Supply chain and pandemic issues lead to lower Tesla sales in Q2

DETROIT (AP) — Tesla’s sales from April to June fell to the lowest quarterly level since last fall as supply chain issues and pandemic restrictions in China hampered production of its electric vehicles.

company Disclosure Saturday It sold more than 254,000 cars and SUVs from April to June, down 18 percent from the first three months of the year and well below the pace of growth in the fourth quarter of last year.

The last time Tesla saw fewer global sales was in the third quarter of 2021, when it delivered 241,000 vehicles.

The rest of the industry saw sales drop 21% in the second quarter on Friday as the average car price surged to a record $45,844 as inflation soared, according to JD Power.

Tesla’s slump in sales could herald weak second-quarter earnings for the Austin, Texas-based company, the world’s largest seller of battery-powered cars, which has been netting a net profit for nearly three years. Tesla plans to release full results for the April-June period on July 20.

Like many other stocks, Tesla stock has been hit hard this year. But Tesla’s 35% drop isn’t all about the company’s wobbly fortunes.

Tesla CEO Elon Musk also made a $44 billion bid for Twitter, but shelved it after complaining that Twitter had too many non-human spamming bot users.Much of Tesla’s value has eroded since Musk became Twitter’s largest shareholder and launched a takeover offer, raising concerns that he has too much on his already crowded plate

Musk used his own Twitter account, which now has more than 100 million followers, to discuss the pandemic restrictions that forced the Shanghai factory to temporarily close this quarter. Wedbush analyst Dan Ives estimates that more than 40% of Tesla’s sales come from China, and the Shanghai plant has cut vehicle production by about 70,000 vehicles due to the shutdown.

But Tesla said Saturday that things are improving, saying it produced more vehicles in June than any other month in history. The company did not disclose the number of cars produced in June.

As of early Saturday afternoon, Musk had not tweeted about Tesla’s second-quarter sales. But late Friday, he caused quite a stir when he ended an unusually nine-day silence on Twitter.His Friday tweets included one with him and four of his children Meet with Pope Francis.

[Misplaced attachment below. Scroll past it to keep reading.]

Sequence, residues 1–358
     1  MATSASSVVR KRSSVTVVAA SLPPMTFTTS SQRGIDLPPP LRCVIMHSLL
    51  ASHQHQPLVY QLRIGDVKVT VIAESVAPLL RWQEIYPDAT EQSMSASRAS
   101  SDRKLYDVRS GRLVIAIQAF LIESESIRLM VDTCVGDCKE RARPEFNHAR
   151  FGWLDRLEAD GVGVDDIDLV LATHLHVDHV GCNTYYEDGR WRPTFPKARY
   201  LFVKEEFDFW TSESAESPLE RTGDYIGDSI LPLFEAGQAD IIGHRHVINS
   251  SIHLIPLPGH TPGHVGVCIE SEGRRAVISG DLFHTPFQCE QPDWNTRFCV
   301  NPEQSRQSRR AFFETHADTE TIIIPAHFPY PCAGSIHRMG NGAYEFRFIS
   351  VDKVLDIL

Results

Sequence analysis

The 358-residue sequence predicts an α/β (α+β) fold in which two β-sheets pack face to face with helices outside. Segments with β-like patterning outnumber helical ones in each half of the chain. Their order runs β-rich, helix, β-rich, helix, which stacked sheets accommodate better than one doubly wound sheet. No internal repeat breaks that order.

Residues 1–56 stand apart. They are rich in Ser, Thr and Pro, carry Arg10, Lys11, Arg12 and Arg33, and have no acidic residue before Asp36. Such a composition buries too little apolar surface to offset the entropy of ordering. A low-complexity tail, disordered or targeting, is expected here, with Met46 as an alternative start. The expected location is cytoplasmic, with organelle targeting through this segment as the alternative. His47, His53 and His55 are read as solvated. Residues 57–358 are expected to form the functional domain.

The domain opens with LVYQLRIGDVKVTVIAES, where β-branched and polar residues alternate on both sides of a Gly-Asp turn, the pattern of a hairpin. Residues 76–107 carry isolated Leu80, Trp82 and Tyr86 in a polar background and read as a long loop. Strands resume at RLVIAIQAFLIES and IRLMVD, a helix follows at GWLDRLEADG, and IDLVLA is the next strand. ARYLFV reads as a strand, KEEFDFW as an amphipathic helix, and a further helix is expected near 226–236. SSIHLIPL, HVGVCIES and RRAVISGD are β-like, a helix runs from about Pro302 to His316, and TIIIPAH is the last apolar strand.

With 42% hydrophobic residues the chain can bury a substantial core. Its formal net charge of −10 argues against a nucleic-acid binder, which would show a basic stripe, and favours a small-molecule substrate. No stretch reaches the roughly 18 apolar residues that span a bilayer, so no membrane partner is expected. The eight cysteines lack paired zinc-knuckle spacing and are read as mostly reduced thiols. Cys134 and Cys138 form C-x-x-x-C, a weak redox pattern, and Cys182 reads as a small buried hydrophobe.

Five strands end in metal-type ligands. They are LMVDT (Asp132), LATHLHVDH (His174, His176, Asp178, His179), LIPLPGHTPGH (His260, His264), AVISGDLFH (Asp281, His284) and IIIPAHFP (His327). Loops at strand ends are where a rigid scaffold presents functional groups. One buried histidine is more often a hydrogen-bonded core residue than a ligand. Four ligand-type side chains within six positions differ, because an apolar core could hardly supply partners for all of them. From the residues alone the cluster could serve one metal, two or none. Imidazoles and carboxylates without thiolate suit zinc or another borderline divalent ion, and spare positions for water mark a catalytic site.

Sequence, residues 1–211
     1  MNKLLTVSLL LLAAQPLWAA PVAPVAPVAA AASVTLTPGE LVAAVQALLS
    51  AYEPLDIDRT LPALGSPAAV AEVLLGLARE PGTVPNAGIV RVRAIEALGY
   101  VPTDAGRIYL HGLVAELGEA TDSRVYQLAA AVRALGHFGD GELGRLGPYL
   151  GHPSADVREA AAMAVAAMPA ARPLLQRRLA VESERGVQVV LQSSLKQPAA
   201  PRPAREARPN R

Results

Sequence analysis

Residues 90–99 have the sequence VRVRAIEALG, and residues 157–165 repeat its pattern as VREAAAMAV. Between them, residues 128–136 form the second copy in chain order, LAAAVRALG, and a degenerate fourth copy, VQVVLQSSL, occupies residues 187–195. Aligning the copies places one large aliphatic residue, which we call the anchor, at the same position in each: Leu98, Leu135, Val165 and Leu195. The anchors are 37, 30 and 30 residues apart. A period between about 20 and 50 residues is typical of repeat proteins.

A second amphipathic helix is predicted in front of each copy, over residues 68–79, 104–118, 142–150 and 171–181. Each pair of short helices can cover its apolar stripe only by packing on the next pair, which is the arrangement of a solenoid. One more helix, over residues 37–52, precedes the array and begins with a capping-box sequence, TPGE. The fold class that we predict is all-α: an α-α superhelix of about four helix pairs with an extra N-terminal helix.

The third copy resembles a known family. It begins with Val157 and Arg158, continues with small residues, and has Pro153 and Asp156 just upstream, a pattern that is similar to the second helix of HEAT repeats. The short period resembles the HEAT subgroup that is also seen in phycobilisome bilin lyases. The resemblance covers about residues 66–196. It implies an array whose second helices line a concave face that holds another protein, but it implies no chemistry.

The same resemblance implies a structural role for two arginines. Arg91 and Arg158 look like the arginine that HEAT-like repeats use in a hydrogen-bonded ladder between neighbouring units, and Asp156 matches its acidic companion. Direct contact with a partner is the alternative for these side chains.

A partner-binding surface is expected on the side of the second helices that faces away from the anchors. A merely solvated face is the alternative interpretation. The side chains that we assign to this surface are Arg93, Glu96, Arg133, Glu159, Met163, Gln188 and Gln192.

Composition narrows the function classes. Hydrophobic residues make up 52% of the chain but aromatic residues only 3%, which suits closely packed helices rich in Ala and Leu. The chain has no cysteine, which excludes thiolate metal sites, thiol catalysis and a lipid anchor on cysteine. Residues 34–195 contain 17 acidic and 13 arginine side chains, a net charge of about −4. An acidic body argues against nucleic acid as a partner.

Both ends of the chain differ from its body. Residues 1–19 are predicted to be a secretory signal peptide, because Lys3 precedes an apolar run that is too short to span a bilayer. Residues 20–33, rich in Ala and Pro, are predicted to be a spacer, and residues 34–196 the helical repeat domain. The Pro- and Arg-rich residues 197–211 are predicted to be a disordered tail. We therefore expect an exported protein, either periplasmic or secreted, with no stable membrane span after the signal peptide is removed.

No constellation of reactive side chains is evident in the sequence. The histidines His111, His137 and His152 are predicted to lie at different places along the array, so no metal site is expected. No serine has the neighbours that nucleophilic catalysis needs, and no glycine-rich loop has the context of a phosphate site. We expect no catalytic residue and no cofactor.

Tesla’s latest delivery figures come a week after an interview with Musk in which he described the new factories in Austin and Berlin as “melting pots” that have been hit by supply chain disruptions that limit the number of cars they can make. Factories are losing billions of dollars.

In a May 30 interview with Tesla’s Owners Club, released just last week, Musk said that getting the Berlin and Austin factories up and running “is our primary concern. Everything else is small,” Musk said. said, but added that “everything will be resolved very quickly.”

Musk also discussed bringing salaried workers back to the office, as well as a potential 10% layoff at Tesla due to a possible recession.

Since the outbreak of COVID-19 two years ago, supply chain disruptions have been especially frustrating for automakers, who source parts from all corners of the globe. The lack of computer chips needed to run car computers has exacerbated problems for automakers and caused prices of used and new cars to skyrocket.

As the 2020 pandemic broke out in the U.S., automakers had to close factories for eight weeks to help stop the spread of the virus. Some component companies canceled semiconductor orders. At the same time, demand for laptops, tablets and game consoles has soared as people stayed at home to upgrade their devices.

By the time auto production resumed, chipmakers had shifted production to consumer goods, creating a shortage of weather-resistant automotive-grade chips. Even though Tesla is outperforming other automakers, the industry still can’t get enough chips.

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Associated Press business writer Michael Liedtke in Berkeley, Calif., contributed to this story.



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